Here are 5 energy-saving smart home devices
The best smart thermostat will have an outsize impact not only how comfortable you are in your home, but also on your household budget. Heating and cooling your home accounts for nearly half of the average home’s utility bills, according to the U.S. Department of Energy.
A programmable thermostat can help reduce those costs by turning your HVAC system on when you anticipate being home, and off when you don’t think you’ll need indoor climate control. A smart thermostat goes far beyond relying on a simple schedule. It will not only enable you to create more sophisticated schedules for every day of the week, and give you complete control over your HVAC system, even when you’re away from home. We continually test and evaluate smart thermostats and can help you find the right one for your home.
During the warm summer months, your air conditioning can kick into overdrive trying to keep your home cool. When the sun streams through the window, it can heat up your home even more. Smart blinds sense when window temperatures rise and automatically adjust to help maintain your desired indoor temperature.
Home Energy Monitoring Systems
If you’ve ever taken a close look at your electricity bill you know that it’s pretty light on information. Your bill will tell you 1) how much electricity you have used and 2) how much you’re being charged. Unfortunately, that’s about it.
Let’s say you want to cut your energy use to save money or reduce your carbon footprint. To do that you either have to try to axe your unnecessary consumption as a whole, or simply guess which devices are heavy users. Energy monitors exist to eliminate this guessing game. They connect to your circuit breaker and allow you to track your energy consumption with much finer detail, allowing you to put the axe away and cut your energy consumption with a scalpel instead.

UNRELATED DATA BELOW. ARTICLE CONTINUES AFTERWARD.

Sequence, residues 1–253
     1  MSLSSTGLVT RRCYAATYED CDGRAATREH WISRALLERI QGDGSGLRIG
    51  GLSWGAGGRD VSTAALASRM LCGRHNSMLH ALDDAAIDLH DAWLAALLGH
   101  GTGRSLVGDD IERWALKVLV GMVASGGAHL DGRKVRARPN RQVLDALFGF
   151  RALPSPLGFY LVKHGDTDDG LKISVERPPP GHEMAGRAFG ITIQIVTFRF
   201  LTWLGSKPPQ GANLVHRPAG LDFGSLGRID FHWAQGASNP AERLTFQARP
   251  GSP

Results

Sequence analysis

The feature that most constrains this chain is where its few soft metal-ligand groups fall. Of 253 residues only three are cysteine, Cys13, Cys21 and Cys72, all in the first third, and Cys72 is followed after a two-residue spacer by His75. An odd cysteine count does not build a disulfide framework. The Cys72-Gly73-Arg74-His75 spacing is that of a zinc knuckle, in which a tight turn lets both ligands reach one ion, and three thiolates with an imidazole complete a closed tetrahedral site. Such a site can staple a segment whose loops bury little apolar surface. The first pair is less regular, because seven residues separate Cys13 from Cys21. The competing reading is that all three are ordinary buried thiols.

Conventional refrigerators work by compressing and expanding a gas as it flows around the cooling unit, but this process is not especially efficient. Refrigeration currently accounts for 25% of residential and 15% of commercial power consumption in the US In the past it has also used gases harmful to the environment.
In contrast, magnetic refrigeration devices have high efficiency even at a small scale, enabling the development of portable, battery-powered products. In fact, Stephen Russek of Aeronautics Corporation, estimates that when magnetic refrigerators are fully developed, they could reduce energy usage by approximately $10 billion per year, along with significant reductions in carbon dioxide emissions. In addition, magnetic refrigeration doesn't use ozone-depleting or global warming gases.
Environmentally-Conscious Clothes Dryers
A traditional dryer works by heating air, blowing it into the drum chamber (where it absorbs moisture from the clothes), and then exhausting the now moisture-laden hot air out of the dryer and out of the house.
A condensing dryer, on the other hand, works by heating air, blowing it into the drum chamber and then pulling that warm moist air from the drum and cooling it to the point that the moisture condenses and drips into a collection tray. The cool dry air is then heated and recirculated back into the drum where it again picks up moisture and the cycle continues.
The tricky thing with a condensing dryer is how to cool the air being pulled from the drum. Some condensing dryers use a metal plate that is air-cooled and some use a scheme that requires a steady supply of cold water. Neither of these systems results in a dryer that is any more energy-efficient than a traditional dryer, and the appliances are much slower. The market for condensing dryers has typically been for apartment buildings where running an exhaust vent isn’t feasible.
A heat-pump dryer is a kind of condensing dryer. Like pretty much every heat pump device, the heat pump in a heat pump clothes dryer has a cold coil and a hot coil. This works out perfectly for a condensing dryer as the cold coil can be used to cool the warm moist air coming from the drum (and to provide a condensing surface for the moisture in the air) and the hot coil can be used to heat the air before sending it back.
Heat pump clothes dryers use 40% to 50% as much electricity as a traditional electric dryer and dry clothes much faster than condensing dryers that don’t use heat pumps, while still being slower than a conventional gas or electric dryer.